Based in Dallas, Fox joined Bank of America in 2003 as a Credit Products Officer in Global Corporate Banking focused on the insurance industry sector. In this role, Jamie was responsible for structured finance solutions such as term loans, revolvers, treasury management lines, derivative limits, equity derivatives and collateralized debt obligations, which helped insurance companies improve working capital and meet their business objectives.  Fox further developed his banking career in 2006, when he joined the Commercial Real Estate Banking team as a Senior Client Manager. In that role, he was responsible for advising real estate merchant builders, REITs, military housing developers and other clients on capital needs and delivered such products as senior and mezzanine debt, treasury, derivatives, FX, public finance and investment banking.

 

Before joining Bank of America, Fox served in the U.S. Army for eight years as an engineer officer serving in several leadership roles to include Company Commander, Platoon Leader, and Battalion Civil Engineer, achieving the rank of Captain. While in the Army, Jamie planned and managed military construction projects throughout Asia and the Pacific.  He also served as a combat engineer with the First Cavalry Division.

 

He earned a Bachelor of Science in civil engineering from the U.S. Military Academy, a Master of Science in engineering management from the Missouri University of Science and Technology, and a Master of Business Administration from Vanderbilt University. He holds the National Association of Securities Dealers (NASD) Series 7, 63, 24 and 79 licenses, and is a Registered Professional Engineer.

Downtown Dallas, Inc. announces a new food, beverage and programming partner at Main Street Garden

September 23, 2013

Downtown Dallas, Inc. (DDI) welcomes Joe Groves and Chef Russell Mertz of Ellen’s Southern Kitchen as the soon-to-be new café operators at Main Street Garden.  The café will reopen and expand under the new team by mid-October.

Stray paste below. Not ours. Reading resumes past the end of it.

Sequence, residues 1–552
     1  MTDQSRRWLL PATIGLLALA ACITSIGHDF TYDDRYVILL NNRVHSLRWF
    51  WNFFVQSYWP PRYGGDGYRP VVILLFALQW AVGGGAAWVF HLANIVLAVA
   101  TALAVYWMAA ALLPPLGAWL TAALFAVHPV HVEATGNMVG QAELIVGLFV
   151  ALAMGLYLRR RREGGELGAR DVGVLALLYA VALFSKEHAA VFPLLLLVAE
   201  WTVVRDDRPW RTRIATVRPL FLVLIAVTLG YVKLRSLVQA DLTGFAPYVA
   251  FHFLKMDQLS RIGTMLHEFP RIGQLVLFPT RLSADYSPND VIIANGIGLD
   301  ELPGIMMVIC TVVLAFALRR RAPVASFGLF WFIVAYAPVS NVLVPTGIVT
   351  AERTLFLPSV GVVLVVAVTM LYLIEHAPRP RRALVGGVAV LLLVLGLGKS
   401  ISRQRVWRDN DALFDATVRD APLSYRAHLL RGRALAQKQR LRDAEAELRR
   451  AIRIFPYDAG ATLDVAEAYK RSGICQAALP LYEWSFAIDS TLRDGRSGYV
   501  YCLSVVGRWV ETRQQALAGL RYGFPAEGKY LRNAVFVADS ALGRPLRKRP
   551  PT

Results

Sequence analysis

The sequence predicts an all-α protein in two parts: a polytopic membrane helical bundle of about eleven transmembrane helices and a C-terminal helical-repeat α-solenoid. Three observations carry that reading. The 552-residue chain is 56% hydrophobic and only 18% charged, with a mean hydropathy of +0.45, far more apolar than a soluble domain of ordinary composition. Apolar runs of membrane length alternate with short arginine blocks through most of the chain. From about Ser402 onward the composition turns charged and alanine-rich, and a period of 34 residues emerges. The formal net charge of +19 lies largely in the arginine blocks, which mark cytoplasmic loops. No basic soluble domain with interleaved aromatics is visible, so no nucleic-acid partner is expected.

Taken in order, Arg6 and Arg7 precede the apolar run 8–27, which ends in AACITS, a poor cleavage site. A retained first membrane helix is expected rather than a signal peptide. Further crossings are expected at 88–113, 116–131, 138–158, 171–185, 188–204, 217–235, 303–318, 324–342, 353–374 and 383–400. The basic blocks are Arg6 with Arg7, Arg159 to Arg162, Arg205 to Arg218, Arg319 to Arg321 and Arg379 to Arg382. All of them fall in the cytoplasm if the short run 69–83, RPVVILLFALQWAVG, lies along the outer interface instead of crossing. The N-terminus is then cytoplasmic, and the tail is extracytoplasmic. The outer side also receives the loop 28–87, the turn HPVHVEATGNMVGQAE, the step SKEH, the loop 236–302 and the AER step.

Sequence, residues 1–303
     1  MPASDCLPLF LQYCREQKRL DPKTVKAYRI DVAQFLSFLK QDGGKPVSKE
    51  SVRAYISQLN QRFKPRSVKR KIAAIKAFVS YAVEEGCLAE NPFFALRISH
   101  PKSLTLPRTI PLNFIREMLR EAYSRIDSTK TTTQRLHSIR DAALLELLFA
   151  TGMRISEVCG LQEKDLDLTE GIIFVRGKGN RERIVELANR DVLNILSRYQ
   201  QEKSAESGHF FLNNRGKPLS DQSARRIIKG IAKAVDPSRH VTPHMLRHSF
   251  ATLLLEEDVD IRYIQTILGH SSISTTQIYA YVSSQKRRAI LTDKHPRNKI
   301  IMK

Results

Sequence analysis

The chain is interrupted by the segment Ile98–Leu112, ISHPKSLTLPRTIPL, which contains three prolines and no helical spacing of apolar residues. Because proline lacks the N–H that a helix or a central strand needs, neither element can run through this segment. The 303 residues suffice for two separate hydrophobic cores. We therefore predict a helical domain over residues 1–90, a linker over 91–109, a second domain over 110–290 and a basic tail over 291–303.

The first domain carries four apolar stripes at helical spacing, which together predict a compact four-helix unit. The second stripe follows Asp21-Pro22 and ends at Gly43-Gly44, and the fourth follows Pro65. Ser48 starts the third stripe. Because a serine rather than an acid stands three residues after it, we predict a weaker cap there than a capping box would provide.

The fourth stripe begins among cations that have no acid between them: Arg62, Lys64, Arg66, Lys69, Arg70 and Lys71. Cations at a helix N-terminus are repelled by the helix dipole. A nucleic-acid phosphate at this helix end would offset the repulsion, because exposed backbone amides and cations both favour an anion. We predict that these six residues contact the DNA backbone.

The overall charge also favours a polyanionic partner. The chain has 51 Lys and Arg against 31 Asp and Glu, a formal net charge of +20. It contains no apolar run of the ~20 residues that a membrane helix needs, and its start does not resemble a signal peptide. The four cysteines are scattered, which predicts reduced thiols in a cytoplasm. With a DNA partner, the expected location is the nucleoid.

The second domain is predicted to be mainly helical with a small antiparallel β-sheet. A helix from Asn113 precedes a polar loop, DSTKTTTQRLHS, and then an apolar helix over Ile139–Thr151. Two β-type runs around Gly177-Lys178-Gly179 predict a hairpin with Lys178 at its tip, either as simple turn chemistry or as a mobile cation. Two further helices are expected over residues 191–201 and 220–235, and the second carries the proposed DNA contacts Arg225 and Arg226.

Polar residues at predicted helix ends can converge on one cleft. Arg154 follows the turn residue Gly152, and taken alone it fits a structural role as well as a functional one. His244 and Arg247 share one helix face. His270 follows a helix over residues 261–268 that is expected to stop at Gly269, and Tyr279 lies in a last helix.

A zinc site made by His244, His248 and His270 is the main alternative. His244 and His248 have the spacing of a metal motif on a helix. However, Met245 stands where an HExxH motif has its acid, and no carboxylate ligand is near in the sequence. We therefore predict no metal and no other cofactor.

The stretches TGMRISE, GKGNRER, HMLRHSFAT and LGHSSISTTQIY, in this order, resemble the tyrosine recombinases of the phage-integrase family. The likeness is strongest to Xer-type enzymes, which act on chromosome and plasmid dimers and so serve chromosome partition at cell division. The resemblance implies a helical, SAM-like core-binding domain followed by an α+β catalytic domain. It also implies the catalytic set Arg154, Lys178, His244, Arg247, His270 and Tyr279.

Joe Groves has a long history in Downtown Dallas, as a Main Street resident and former operations director of the technology team who had a hand in the development of Main Street Garden.  Joe is also very active in the West End as a part of The Haunt in the West End Marketplace and an active member of the West End Association.  Chef Russell Mertz is also no stranger to Downtown, having come from the kitchen of long-time West End anchor, The Butcher Shop (newly renamed as South Fork Texas Steakouse). 

Groves and Mertz are taking on Main Street Garden inspired by a vision to create a space that feels like “Downtown’s backyard”, serving great food and drink while also providing a place where residents, employees and visitors will want gather, put their feet up and enjoy the surroundings.  The two plan to extend service further throughout the park beyond the café’s current patio boundary and will work closely with DDI to provide items like picnic baskets and wine and cheese trays during events.  They also intend to bring their own programming.  Look for trivia nights, game watching parties and Bingo to return to the café deck.

The menu will consist of upscale “picnic-style” cuisine:  all-day “lunch boxes”, sandwiches, salads, wraps and other seasonal items (i.e. snow cones), all with the quality and richness expected from Chef Russell.   Also look for items with a bit of a creative flair, like an all-day cereal bar.  Groves describes, “We see this in some ways as a food truck without the wheels, so we’re having some fun with the menu.”  Operating hours will be 7:00 a.m. to 10:00 p.m., Monday – Sunday, serving breakfast, lunch and dinner, as well as afternoon and evening beer and wine service. The name is still to be determined.

DDI is working with both operators to ensure a smooth transition with as little impact on food and beverage service at Main Street Garden as possible.  During high demand times while the space is being turned over, DDI will program food carts and other mobile concession options, as well as ensure full service at all upcoming events.

“DDI and the City of Dallas opened Main Street Garden in October 2009, and over the last four years, we have watched the space grow and change along with Downtown’s maturation,” said Kourtny Garrett, DDI’s Executive Vice President.  “Pedestrian traffic has increased exponentially, awareness is becoming more widespread and events are becoming a regular occurrence.  People are using the space. As such, we believe we have found an operator with a vested interest in the community who will contribute back to a great experience.    We are grateful to the Rusty Taco team for their partnership over the last year and wish them well in their other ventures.”